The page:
Jan Kaláb's refined and complex "Jan Kaláb Style Abstract" is based on the speed and scale of guerrilla graffiti that he practiced from a young age, as well as his exploration of new and experimental forms of graphic expression. His admiration for Kupka led him to develop his own formal language of "pure geometric painting," which he completed while learning about Prague's art, architecture, and design from Czech-born British architect Eva Jiřičná. Jan's pursuits of infinity, reinterpreted gravity, and constantly changing geometric experiments have become the driving force behind the universe he creates and establish new orders.
Since 2011, Jan's current style is based on simplified cube and circular shapes. Despite it being 26 years since he created his first graffiti work, the essence and symbolism of "Jan Style Graffiti" remained present. His artwork presents a world that reflects his unique harmony, as if constructing a limitless virtual world. The combination of different specific colors creates various emotions, similar to how the body temperature is shared. This is the language of color art that Jan pursues, and it serves as a starting point for communication. The various ideas and emotions that Jan embeds in his work can only be interpreted through the emotional language that colors evoke.
Jan sees the circular shape as a concept with many facets. Although it appears to be the simplest and easiest shape at first glance, the circle is also considered the "most challenging shape to interpret." Jan's circle simultaneously satisfies the concept of the presence of a sphere and the concept of a void as a hole. It holds a strange vitality that encompasses conflicting emotions of wholeness and incompleteness, movement and stillness. These characteristics could be described as Jan's pursuit of "microcosmic representation." As a result, Jan's paintings can be interpreted in various shapes and meanings, depending on the viewer's perspective. Some see them as resembling the mysterious waves of the sea, while others see them as stars or planets shining in the dark night sky, scenes of cell division, nameless bacteria, or the existence of celestial bodies beyond the universe. In this sense, one may wonder about the thoughts that Jan Kaláb's paintings contain. What kind of meaning is embedded in Jan's abstract paintings that feel very concrete in nature?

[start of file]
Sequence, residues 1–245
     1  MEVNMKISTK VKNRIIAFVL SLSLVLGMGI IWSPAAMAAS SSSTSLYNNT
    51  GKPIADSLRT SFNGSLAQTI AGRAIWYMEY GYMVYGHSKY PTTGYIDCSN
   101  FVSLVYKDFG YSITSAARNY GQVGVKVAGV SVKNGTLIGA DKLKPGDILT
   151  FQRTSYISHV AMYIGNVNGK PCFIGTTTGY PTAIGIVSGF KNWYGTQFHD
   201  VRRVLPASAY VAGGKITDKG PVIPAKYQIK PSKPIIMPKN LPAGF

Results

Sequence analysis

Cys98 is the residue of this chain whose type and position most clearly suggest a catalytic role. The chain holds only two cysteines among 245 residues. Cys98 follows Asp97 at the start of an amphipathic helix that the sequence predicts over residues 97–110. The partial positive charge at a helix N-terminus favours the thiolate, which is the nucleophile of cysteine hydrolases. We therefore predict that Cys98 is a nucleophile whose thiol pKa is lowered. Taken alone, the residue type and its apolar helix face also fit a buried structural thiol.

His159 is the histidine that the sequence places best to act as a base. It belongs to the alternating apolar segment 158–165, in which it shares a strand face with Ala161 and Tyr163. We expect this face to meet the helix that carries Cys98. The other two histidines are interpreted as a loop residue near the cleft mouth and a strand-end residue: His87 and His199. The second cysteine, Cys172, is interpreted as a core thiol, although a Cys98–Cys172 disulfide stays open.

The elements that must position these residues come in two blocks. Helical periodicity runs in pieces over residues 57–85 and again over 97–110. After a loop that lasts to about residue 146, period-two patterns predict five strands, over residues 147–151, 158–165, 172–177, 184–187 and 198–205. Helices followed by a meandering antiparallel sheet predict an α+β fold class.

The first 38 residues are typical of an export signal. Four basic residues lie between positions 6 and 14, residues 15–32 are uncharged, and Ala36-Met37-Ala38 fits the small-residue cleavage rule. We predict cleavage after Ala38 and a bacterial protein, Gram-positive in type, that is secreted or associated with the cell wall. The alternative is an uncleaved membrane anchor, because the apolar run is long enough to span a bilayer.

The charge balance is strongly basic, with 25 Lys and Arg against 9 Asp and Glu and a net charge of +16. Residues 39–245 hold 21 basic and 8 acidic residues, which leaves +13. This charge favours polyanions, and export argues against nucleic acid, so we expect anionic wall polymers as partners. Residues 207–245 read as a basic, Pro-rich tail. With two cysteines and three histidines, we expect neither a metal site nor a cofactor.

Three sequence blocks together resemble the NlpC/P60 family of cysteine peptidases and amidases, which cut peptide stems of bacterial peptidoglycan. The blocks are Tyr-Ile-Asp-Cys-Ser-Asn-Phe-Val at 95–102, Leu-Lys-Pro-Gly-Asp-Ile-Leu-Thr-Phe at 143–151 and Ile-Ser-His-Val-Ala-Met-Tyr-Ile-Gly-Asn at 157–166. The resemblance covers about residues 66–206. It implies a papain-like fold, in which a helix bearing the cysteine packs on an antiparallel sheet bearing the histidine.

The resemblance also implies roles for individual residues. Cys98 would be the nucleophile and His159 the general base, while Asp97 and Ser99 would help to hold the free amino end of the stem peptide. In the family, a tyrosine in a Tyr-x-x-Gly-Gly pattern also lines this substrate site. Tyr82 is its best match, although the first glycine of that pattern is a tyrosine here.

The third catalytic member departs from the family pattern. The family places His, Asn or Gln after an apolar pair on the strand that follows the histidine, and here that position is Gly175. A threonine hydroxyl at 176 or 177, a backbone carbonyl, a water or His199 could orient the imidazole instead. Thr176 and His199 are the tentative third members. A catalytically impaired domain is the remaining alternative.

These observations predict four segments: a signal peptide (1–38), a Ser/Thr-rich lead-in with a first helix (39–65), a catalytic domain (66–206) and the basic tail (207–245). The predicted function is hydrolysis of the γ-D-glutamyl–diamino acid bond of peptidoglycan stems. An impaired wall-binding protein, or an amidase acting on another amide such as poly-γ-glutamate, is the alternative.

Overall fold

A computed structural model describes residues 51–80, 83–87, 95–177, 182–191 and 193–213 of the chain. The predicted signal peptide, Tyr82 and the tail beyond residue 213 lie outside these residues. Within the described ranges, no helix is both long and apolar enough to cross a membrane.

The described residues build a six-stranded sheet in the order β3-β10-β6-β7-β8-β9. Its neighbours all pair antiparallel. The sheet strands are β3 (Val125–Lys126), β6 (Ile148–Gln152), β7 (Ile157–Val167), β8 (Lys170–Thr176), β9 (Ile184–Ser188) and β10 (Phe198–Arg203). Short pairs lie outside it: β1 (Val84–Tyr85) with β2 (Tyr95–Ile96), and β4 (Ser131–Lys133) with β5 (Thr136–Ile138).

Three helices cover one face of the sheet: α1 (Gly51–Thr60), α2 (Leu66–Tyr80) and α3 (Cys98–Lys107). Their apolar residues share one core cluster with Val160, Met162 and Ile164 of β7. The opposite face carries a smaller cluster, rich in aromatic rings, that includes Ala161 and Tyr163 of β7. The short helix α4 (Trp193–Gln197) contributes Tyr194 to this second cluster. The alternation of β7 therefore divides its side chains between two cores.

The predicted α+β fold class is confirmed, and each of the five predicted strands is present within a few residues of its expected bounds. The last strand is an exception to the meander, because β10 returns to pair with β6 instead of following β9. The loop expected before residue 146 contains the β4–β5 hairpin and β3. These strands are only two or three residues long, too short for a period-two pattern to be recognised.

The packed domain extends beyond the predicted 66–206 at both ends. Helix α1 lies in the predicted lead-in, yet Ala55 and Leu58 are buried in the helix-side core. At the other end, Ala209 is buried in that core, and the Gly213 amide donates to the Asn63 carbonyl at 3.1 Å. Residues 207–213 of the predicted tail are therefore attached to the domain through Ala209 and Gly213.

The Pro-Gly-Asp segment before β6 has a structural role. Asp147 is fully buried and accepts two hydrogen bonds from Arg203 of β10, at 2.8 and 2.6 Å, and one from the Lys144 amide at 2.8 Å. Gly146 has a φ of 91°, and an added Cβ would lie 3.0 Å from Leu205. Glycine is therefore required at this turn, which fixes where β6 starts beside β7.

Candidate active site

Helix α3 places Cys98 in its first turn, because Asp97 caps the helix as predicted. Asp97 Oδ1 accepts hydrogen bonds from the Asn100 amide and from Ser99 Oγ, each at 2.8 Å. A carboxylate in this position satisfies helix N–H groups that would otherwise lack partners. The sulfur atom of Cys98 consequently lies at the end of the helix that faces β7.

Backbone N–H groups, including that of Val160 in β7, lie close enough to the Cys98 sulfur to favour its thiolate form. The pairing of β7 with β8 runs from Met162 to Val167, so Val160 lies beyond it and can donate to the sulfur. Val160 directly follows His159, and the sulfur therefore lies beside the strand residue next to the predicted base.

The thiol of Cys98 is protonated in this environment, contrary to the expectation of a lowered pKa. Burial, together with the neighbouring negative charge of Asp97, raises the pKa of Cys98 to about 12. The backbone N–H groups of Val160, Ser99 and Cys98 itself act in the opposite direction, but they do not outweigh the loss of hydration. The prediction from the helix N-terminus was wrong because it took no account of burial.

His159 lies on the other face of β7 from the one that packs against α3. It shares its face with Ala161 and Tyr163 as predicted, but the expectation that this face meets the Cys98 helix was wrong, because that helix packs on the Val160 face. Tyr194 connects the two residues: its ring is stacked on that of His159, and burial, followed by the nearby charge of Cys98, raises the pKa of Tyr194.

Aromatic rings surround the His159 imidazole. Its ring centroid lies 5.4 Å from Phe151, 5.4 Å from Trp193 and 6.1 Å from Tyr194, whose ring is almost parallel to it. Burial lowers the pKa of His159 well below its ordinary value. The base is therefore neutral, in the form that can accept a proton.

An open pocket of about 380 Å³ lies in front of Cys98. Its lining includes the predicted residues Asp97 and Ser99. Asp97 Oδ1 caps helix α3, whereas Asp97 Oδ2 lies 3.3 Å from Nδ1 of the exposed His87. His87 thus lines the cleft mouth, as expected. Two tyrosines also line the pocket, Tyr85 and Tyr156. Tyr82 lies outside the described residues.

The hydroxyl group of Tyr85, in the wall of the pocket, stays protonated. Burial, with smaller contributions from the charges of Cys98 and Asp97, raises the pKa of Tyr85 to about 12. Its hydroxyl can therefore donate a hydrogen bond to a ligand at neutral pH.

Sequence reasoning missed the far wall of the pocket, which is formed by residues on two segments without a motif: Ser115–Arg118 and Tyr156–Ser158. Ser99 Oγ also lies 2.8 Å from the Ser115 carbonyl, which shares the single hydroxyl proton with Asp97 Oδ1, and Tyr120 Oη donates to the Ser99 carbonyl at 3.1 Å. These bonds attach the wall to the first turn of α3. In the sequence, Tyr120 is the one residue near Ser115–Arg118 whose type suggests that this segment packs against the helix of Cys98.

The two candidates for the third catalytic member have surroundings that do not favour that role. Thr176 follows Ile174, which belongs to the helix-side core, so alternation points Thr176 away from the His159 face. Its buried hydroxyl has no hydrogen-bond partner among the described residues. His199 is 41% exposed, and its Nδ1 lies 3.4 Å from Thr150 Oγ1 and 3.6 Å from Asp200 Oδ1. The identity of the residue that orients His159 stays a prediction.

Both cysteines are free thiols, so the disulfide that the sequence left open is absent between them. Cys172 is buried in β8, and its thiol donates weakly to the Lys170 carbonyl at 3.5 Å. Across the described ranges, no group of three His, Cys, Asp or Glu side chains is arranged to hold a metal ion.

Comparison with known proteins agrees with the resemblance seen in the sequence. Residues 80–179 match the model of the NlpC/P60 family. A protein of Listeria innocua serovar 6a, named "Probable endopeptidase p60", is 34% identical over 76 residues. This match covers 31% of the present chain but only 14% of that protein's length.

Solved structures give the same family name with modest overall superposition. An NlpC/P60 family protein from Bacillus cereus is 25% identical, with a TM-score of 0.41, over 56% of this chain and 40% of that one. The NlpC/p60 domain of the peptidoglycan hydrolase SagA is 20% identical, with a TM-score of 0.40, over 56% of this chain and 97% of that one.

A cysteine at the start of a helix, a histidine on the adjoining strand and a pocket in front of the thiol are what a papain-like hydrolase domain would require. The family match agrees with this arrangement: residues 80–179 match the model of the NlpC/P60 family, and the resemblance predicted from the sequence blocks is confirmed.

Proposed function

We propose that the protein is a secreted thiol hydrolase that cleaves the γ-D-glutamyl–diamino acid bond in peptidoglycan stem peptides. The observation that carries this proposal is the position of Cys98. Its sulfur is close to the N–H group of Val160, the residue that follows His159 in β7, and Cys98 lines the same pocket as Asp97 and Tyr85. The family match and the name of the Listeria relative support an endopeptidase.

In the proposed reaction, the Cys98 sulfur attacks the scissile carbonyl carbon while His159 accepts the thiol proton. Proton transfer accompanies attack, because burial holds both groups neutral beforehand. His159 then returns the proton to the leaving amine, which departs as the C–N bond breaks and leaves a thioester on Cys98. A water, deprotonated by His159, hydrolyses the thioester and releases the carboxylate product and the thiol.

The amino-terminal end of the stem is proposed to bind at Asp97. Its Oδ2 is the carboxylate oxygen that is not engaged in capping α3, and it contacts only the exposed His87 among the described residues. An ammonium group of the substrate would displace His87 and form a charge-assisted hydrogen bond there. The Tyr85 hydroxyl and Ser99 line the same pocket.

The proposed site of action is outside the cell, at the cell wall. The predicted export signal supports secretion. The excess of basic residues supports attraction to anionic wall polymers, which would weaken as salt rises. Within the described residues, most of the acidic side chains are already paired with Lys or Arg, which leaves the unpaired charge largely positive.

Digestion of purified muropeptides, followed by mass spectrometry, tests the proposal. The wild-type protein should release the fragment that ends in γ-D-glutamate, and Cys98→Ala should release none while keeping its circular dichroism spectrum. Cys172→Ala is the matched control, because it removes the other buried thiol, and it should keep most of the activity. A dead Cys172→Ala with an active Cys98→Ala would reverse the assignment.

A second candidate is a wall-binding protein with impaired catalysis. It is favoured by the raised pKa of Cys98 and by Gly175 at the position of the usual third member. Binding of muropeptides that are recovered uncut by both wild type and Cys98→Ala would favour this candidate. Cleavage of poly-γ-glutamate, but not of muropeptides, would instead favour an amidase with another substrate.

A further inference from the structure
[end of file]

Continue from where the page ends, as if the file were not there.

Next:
"My paintings reference the material world, but I'm not attempting to capture anything tangible. Rather, I endeavor to create something that has not yet existed in our world and visually manifest its essence. At times, the shapes are fluid and evoke biological forms, while geometric shapes may evoke thoughts of the macrocosm of the universe. It's simply a process of forms in transition. What matters most to me is how much the artwork embodies the essence of the universe."
Jan Kaláb's paintings achieve a balance between the perfection of painterly texture and the spatial beauty that can be viewed from multiple perspectives through the combination of colors. His work seems to capture the vitality of some undiscovered force of nature through his artistic inspiration. Unlike well-known artists such as Damien Hirst, Yayoi Kusama, Ugo Rondinone, and Anish Kapoor, Jan Kaláb's spherical shapes exhibit unique characteristics. The masterful blending of colors in gradations is the result of pure manual labor in the completion process. Thanks to this, we can experience unparalleled peace and tranquility through the gateway of abstraction presented by Jan's art.
* Hosted by Nari Kim (CEO of HORI Artspace),
Hong Jung-Yeon(CEO of Regina Gallery)
* Directed by Yoon-sub Kim (CEO of AIF Art Management)
* Sponsored by ONE MEDICS INDUSTRY